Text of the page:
Joint Letter to Appling County Board of Ed. Urging Return of Censored Classics, Of Mice and Men, Brave New World, and Native Son
Board of Education
Appling County Schools
249 Blackshear Highway
Baxley, GA 31513 July 16, 2008
Dear Members of the Board of Education:
We write to encourage you to reconsider your decision to remove the books, Of Mice and Men by John Steinbeck, Native Son by Richard Wright, and Brave New World by Alodus Huxley, from classrooms in Appling County Schools. We understand that your action was taken in response to a complaint filed by a local minister objecting to language in Of Mice and Men and Native Son, and that two committees of educators reviewed the books and recommended that they be kept in high school classrooms. We also understand that the board banned Brave New World without first going through the normal complaint procedures, in violation of district policy.
All three books are highly acclaimed, seminal works of American fiction and have long been used for instruction in schools across the country. If these books are deemed “unsuitable,” the same could be said of a vast body of important literature, including works by Shakespeare, major religious texts such as the Bible, the works of Flaubert, Joyce, Faulkner, and Twain, contemporary books such as I Know Why the Caged Bird Sings, Beloved, and many of the texts regularly assigned in high schools throughout the State of Georgia. As these examples suggest, any attempt "to eliminate everything that is objectionable…will leave public schools in shreds. Nothing but educational confusion and a discrediting of the public school system can result…." McCollum v. Board of Educ. (1948) (Jackson, J. concurring). Indeed, the school district puts all students at an educational disadvantage, and puts college-bound students at a particular disadvantage, by not introducing them to literature of this sort in high school.
The task of selecting readings for the curriculum properly belongs to professional educators. Parents may be equipped to make choices for their own children, and religious leaders may be equipped to make recommendations to their congregants, but, no matter how well-intentioned, they simply are not equipped to make decisions that address the needs of the entire student body. Without questioning the sincerity of those who object to the books, their views are not shared by all, and they have no right to impose those views on others or to demand that the educational program reflect their personal preferences.
As many courts have observed, public schools have the obligation to "administer school curricula responsive to the overall educational needs of the community and its children." Leebaert v. Harrington, 332 F.3d 134, 141 (2d Cir. 2003). Thus, no parent has the right "to tell a public school what his or her child will and will not be taught." Id. Any other rule would put schools in the untenable position of having "to cater a curriculum for each student whose parents had genuine moral disagreements with the school’s choice of subject matter." Brown v. Hot, Sexy and Safer Productions, Inc., 68 F.3d 525, 534 (1st Cir. 1995), cert. denied, 516 U.S. 1159 (1996). See also Swanson v. Guthrie Indep. School Dist., 135 F.3d 694, 699 (10th Cir. 1998); Littlefield v. Forney Indep. School, 268 F.3d 275, 291 (5th Cir. 2001).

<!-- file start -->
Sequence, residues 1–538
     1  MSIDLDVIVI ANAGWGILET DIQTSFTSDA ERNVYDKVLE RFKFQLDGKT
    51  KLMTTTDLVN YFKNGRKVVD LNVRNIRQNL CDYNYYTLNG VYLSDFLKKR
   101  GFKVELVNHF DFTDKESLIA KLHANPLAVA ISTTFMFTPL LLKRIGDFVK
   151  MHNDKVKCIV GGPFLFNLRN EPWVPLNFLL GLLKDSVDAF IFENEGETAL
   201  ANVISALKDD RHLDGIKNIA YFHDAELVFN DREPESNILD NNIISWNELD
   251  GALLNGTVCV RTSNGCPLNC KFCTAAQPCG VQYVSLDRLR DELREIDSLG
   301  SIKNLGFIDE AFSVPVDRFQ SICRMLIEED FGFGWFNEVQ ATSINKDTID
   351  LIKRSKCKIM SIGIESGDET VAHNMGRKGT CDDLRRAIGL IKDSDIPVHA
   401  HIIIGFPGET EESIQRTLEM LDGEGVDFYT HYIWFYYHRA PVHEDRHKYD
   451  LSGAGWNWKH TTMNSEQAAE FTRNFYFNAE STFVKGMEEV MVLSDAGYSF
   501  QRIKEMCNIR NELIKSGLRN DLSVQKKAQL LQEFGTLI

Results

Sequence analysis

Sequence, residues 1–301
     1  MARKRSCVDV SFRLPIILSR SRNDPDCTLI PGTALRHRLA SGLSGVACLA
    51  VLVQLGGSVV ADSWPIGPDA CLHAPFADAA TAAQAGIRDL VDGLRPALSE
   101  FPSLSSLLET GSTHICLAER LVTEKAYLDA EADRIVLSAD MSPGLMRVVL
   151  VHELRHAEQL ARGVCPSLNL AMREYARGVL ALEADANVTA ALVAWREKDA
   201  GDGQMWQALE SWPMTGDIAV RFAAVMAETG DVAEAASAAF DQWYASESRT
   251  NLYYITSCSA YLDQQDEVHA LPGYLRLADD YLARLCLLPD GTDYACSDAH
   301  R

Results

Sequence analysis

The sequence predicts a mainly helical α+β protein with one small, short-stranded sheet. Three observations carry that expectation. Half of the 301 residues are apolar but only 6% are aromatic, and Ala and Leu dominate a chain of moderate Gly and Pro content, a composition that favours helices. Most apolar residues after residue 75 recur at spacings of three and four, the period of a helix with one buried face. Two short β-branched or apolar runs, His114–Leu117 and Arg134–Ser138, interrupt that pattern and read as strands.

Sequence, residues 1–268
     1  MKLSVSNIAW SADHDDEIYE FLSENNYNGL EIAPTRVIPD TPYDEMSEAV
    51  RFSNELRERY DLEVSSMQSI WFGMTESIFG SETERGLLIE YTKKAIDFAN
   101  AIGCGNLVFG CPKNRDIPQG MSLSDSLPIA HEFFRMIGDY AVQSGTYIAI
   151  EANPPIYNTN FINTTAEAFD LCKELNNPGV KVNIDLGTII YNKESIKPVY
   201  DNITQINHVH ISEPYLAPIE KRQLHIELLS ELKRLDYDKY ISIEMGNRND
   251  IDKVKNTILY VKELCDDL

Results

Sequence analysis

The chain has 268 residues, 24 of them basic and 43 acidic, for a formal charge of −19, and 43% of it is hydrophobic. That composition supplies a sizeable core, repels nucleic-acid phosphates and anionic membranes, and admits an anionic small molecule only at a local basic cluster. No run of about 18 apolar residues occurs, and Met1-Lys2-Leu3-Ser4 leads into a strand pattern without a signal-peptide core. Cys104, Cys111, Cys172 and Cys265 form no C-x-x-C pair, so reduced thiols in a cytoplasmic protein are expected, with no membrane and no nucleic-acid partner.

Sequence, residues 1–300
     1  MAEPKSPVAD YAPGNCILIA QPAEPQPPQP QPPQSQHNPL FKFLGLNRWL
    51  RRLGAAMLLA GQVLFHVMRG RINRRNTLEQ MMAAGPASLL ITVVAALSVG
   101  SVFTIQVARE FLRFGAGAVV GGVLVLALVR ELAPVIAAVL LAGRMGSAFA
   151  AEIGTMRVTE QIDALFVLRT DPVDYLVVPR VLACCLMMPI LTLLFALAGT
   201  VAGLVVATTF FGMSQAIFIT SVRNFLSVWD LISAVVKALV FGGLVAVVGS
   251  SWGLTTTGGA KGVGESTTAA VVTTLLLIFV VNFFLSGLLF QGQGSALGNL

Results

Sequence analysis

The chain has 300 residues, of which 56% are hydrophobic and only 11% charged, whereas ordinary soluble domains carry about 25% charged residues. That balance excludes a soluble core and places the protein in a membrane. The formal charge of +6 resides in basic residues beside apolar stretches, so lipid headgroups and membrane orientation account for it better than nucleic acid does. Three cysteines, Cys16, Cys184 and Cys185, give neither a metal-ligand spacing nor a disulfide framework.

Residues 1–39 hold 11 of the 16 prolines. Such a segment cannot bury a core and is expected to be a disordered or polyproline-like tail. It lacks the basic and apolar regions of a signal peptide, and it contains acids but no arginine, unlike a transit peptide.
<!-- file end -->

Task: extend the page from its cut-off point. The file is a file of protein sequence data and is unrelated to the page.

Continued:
The practical effect of acceding to any individual request to censor materials will be to invite others to demand changes in the curriculum to reflect their beliefs and to leave school officials vulnerable to multiple, possibly conflicting, demands.
In this case, the school board has banned all three books against the advice of professional educators and on the basis of the complaint of a local church leader – moreover, one who has no children in the school. Meanwhile, parents who do have students in the class are eager for their students to study these books and have signed permission slips to express their support of the material. No pedagogical or educational rationale has been advanced for the board’s decision, which appears to rest solely on the desire to accommodate the demands of a religious leader. As such, it is constitutionally suspect and exposes the board to potential legal liability.
We strongly urge you to return Of Mice and Men, Native Son, and Brave New World to Appling County classrooms.
If we can be of assistance in this matter, please do not hesitate to contact us.
National Coalition Against Censorship
American Booksellers Foundation for Free Expression
Chara Fisher Jackson
ACLU of Georgia
Appling High School English Department Head, Mary Ann Ellis, speaks out against the books’ removal. Read her Op-Ed in the Baxley News-Banner.